Many of town-hall protesters’ claims challenged by facts
The debate appears to be all but over on healthcare reform. As of this writing, it’s been a week since the Obama administration signaled its willingness to abandon the public option. It will be a miracle if any significant legislation emerges from this session; in any case, the anti-reform forces have seized control of the public discourse.
As opponents mobilized in disruptive and Jordan Green hyperbolic protests at town-hall meetings, the news editor noise of conservative backlash — a combina- email@example.com tion of grassroots fury, corporate-funded talking points, newspaper columns, YouTube videos and radio ads — seems to have drowned out reasoned discussion of the facts. President Obama was elected on a mandate of change. One plank early in the Democratic primary was providing healthcare coverage to the uninsured. Not everyone voted for Obama, but a majority did. It’s disconcerting, then, to witness the righteous and demanding tone of the town-hall meeting protesters. “We cannot afford this. Period,” says one in a YouTube video promoting a Sept. 12 “Taxpayer March on DC.” “Keep the government out of this. We’re doing just fine.” “This is a vehicle to take us down a path of total socialism,” another cries. “You work for us.” Much of the debate seems to have been steered away from the specifics of Obama’s reform proposal and the various pending bills. The FreedomWorks Foundation, the national sponsor of the Sept. 12 march and the disseminator of a “Health Care Action Kit” to coach conservative activists on questions to ask lawmakers dur ing the August recess, urges its partisans: “Help us build opposition to the takeover of our healthcare system.” It can be inferred that the entity “taking over” is government. The federal government already administers Medicare, a healthcare entitlement program for the elderly, and Medicaid, a meanstested healthcare program for the poor. It’s not clear how those are qualitatively different from a program that would cover those who cannot afford private insurance. Are we to take it that established government healthcare programs are objectionable? When Democrats pushed through Social Security in the 1930s and Medicare and the school lunch program in the 1960s, were those efforts a march toward socialism? Among the most pernicious of the claims repeated by opponents of healthcare reform is that healthcare would be rationed to the point that the elderly would be denied care, or worse, pressured into physician-assisted suicide. Playing on these fears, FreedomWorks chairman and former House Majority Leader Dick Armey wrote in a letter to conservative activists in June that government-run healthcare “would lead to rationing of care and long waiting lines. Government bureaucrats would decide who gets treated and who has to suffer the consequences of not getting the care they need.” The nonpartisan FactCheck.org disputes many of the claims put forward by opponents of reform.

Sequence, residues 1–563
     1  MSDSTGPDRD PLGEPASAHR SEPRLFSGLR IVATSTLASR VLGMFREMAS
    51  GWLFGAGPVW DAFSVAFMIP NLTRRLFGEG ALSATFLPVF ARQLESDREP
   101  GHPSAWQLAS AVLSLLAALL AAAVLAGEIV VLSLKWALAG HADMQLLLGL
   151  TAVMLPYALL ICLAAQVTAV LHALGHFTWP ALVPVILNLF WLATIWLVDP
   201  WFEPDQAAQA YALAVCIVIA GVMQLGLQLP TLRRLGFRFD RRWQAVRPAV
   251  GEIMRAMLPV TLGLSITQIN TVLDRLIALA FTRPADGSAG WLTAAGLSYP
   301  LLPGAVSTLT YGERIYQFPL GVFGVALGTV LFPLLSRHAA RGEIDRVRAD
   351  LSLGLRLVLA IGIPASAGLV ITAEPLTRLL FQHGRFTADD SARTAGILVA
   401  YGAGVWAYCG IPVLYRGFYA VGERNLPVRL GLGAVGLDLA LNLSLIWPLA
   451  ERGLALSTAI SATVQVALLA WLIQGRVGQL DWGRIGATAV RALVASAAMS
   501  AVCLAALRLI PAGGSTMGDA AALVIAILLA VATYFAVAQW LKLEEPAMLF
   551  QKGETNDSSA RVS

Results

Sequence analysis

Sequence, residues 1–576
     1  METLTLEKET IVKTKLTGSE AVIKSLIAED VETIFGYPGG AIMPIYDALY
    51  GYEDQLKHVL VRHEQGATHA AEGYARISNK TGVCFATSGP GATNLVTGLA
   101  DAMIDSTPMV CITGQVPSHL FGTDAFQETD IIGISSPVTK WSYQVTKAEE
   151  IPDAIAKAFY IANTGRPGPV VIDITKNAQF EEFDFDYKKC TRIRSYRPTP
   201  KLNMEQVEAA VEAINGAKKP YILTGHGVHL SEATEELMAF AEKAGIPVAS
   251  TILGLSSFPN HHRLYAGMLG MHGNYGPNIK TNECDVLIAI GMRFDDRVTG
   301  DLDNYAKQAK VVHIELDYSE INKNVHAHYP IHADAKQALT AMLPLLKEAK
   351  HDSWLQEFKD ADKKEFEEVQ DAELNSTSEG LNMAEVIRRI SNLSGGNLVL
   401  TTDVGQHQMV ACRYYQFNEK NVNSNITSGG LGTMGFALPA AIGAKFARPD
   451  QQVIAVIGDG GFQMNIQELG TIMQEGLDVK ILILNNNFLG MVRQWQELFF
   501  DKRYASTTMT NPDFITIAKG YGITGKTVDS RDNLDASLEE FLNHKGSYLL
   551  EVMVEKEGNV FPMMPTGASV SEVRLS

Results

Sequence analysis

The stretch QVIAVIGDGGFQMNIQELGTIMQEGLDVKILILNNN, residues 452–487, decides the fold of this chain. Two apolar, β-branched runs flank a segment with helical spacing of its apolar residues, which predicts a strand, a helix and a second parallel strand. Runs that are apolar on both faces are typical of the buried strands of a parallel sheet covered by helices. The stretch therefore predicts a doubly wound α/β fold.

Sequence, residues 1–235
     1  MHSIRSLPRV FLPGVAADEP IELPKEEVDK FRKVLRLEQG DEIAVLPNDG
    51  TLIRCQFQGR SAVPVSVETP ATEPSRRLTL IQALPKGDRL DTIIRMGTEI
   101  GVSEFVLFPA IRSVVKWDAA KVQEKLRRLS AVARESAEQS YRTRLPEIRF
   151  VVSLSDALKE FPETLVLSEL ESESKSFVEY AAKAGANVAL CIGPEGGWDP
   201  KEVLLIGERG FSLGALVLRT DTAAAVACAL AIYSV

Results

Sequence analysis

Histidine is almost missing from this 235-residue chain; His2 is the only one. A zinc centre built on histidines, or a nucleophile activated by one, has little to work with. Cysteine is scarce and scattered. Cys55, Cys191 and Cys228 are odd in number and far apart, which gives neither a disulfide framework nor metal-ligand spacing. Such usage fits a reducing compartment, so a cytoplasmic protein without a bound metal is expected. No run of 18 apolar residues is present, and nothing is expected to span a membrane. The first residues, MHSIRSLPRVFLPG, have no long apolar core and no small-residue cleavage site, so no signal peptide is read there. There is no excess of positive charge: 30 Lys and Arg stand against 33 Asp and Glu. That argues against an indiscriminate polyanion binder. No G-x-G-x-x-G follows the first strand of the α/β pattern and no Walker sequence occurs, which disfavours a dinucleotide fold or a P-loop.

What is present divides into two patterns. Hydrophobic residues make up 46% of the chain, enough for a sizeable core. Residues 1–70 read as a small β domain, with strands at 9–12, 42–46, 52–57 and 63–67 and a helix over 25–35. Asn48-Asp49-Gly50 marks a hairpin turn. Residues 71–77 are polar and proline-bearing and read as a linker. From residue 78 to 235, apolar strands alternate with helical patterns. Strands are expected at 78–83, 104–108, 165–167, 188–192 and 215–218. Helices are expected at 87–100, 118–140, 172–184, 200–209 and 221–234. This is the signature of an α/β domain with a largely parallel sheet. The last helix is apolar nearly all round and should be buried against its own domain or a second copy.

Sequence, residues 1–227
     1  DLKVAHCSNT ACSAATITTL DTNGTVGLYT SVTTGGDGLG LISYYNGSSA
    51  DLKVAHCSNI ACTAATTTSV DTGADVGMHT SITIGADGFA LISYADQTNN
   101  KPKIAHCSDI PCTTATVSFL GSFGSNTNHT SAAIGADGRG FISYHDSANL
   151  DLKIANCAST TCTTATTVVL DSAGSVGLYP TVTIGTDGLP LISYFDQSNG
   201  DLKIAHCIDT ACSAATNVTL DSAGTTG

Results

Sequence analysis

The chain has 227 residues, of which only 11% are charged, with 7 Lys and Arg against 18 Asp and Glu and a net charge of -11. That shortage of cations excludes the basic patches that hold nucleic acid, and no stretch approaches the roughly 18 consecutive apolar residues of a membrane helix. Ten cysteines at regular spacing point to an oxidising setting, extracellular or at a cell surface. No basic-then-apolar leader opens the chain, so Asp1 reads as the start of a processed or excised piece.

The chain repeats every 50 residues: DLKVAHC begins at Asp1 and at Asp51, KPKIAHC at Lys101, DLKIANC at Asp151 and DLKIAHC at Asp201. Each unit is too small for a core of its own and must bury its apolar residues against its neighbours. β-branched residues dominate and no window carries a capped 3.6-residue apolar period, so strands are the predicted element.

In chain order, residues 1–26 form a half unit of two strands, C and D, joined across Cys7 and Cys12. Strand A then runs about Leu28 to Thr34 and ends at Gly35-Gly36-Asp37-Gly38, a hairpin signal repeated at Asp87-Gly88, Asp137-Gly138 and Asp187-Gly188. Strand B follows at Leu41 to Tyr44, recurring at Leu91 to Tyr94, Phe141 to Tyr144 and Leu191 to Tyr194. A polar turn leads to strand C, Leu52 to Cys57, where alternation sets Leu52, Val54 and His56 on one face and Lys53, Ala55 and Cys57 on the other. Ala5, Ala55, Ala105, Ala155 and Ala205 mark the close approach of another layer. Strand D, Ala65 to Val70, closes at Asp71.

“Does the House bill call for mandatory counseling on how to endseniors’ lives sooner? Absolutely not,” a recent article states. “Willthe government be dictating to doctors how to treat their patients? No.Do the bills propose cutting Medicare benefit levels? No on that one,too.” FactCheck.org notes that House Resolution 3200 sets up an agencyto conduct research “into which treatments work best, and in somecases, are most cost-effective.” The article quotes the billas stating that “nothing in this section shall be construed to permitthe Commission or the Center to mandate coverage, reimbursement orother policies for any public or private payer.” Among thequestions for elected representatives that FreedomWorks is scriptingfor its foot soldiers is this one: “Provisions in the Obama plan callfor ‘comparative effectiveness research’ to be used to decrease costs.‘Savings’ are achieved by denying treatments based on criteria such ascost, a patient’s health and/or a patient’s age.” Much of this loadedquestion correlates with a July 23 op-ed in the Wall Street Journal byformer New York Lt. Gov. Betsy McCaughey claiming HR 3200 “will reduceaccess to care, pressure the elderly to end their lives prematurely anddoom baby boomers to painful later years.” AARP Executive VicePresident John Rother responded forcefully in a press release thefollowing day. “Ms. McCaughey has again launched her customarybroadside attack against comparative effectiveness research,” he said.“She describes this term as ‘code’ for ‘limiting care based on apatient’s age.’ In fact the term for that is ‘age rating,’ a practiceused by insurance companies to discriminate against older Americansagainst which AARP is vigorously fighting.” FreedomWorks’website offers a strip of mock “ObamaCare” cards. Printed on the backis the statement, “This card entitles the bearer to the following:Rationed healthcare; long waits… poorer care; fewer doctors anddrugs… waste, fraud and abuse; anxiety, pain, risk of death.” Forany elected representatives whose minds are not already made up, someof us in the American electorate want a final bill based on a reasoneddebate and fidelity to the actual facts.